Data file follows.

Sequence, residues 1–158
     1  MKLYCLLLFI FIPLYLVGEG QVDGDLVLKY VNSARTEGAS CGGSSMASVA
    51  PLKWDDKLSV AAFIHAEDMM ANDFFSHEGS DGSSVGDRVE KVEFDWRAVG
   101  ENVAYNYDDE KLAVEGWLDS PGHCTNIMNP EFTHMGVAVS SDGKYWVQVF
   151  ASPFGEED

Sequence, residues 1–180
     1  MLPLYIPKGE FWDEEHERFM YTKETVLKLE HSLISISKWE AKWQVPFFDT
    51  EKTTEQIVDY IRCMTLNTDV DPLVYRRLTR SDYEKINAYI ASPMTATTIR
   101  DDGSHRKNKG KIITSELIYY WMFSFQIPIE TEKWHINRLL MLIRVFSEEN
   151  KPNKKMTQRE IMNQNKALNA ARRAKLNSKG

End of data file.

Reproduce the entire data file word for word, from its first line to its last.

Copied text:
Sequence, residues 1–158
     1  MKLYCLLLFI FIPLYLVGEG QVDGDLVLKY VNSARTEGAS CGGSSMASVA
    51  PLKWDDKLSV AAFIHAEDMM ANDFFSHEGS DGSSVGDRVE KVEFDWRAVG
   101  ENVAYNYDDE KLAVEGWLDS PGHCTNIMNP EFTHMGVAVS SDGKYWVQVF
   151  ASPFGEED

Sequence, residues 1–180
     1  MLPLYIPKGE FWDEEHERFM YTKETVLKLE HSLISISKWE AKWQVPFFDT
    51  EKTTEQIVDY IRCMTLNTDV DPLVYRRLTR SDYEKINAYI ASPMTATTIR
   101  DDGSHRKNKG KIITSELIYY WMFSFQIPIE TEKWHINRLL MLIRVFSEEN
   151  KPNKKMTQRE IMNQNKALNA ARRAKLNSKG